SFilm sends its counsel over for the inspection, but it also sends its technology experts and a videographer to the plant. The team is able to return to the States with new ammunition for SFilm’s case. They can now graphically display the scope of theft: The defendant had built an almost identical plant, right down to the workarounds in SFilm’s own plant. The Chinese company indisputably stole the blueprints to SFilm’s facility, as the video dramatically captures. For SFilm’s counsel, closing arguments nearly write themselves.
3. Help the U.S. government help you.
Early on, the Federal Bureau of Investigation (FBI) and Department Of Justice launched investigations into the employees who had absconded with SFilm’s technology and sold it to the defendant. These agencies continue to gather evidence from SFilm regarding its trade secrets, which helps the DOJ to return indictments against the defendant and key employees for criminal theft of trade secrets.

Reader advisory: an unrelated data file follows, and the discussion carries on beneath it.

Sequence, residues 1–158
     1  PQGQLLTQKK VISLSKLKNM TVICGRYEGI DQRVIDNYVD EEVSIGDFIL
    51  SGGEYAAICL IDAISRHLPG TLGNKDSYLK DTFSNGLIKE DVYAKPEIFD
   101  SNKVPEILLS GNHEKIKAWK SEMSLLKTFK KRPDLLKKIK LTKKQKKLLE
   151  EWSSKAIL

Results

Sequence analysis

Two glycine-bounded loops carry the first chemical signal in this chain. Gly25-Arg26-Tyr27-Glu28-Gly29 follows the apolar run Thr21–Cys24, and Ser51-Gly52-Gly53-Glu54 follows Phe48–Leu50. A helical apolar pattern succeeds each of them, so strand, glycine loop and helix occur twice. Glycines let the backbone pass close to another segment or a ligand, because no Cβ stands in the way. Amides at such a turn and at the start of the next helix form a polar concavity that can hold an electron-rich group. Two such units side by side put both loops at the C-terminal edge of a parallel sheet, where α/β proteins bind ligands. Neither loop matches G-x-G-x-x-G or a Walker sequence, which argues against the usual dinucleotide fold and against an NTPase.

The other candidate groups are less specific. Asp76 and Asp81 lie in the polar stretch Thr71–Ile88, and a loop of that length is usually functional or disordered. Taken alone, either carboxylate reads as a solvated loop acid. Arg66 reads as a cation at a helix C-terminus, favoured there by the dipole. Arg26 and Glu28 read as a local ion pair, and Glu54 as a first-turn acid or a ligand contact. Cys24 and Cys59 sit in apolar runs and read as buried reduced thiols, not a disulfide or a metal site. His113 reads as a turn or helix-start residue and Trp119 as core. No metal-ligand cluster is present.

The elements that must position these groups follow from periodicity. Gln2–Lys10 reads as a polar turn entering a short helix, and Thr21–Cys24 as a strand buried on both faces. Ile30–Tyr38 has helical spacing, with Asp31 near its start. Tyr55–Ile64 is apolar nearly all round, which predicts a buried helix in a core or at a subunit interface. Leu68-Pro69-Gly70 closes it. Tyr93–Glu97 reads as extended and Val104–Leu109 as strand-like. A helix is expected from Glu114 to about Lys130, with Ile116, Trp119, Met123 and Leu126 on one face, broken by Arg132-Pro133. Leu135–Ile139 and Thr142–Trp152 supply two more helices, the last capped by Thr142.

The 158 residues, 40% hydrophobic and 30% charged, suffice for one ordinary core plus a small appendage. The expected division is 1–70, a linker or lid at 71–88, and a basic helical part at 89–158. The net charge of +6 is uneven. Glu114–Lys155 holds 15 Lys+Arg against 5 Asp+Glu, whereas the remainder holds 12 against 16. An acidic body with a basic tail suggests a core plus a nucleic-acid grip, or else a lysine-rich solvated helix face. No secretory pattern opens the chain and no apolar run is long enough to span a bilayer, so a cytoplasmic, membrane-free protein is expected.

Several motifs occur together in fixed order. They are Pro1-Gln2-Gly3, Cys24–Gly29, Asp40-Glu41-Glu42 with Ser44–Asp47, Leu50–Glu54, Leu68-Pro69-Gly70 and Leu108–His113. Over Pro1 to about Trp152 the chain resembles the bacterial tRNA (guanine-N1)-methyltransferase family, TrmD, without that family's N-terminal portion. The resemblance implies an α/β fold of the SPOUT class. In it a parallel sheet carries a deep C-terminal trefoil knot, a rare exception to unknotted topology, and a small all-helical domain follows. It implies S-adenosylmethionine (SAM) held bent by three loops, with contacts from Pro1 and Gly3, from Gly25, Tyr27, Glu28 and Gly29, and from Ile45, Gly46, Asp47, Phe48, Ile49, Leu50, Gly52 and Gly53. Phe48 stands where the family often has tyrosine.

In addition, several witnesses under criminal investigation refused to testify in SFilm’s civil litigation, repeatedly invoking their Fifth Amendment privilege. As a result, the court ordered the issuance of adverse instructions to the jury regarding the witnesses’ refusal to testify. The adverse instructions serve as another opportunity for the jury to understand the depth and scope of the theft.
4. Watch your back in the defendant’s home country.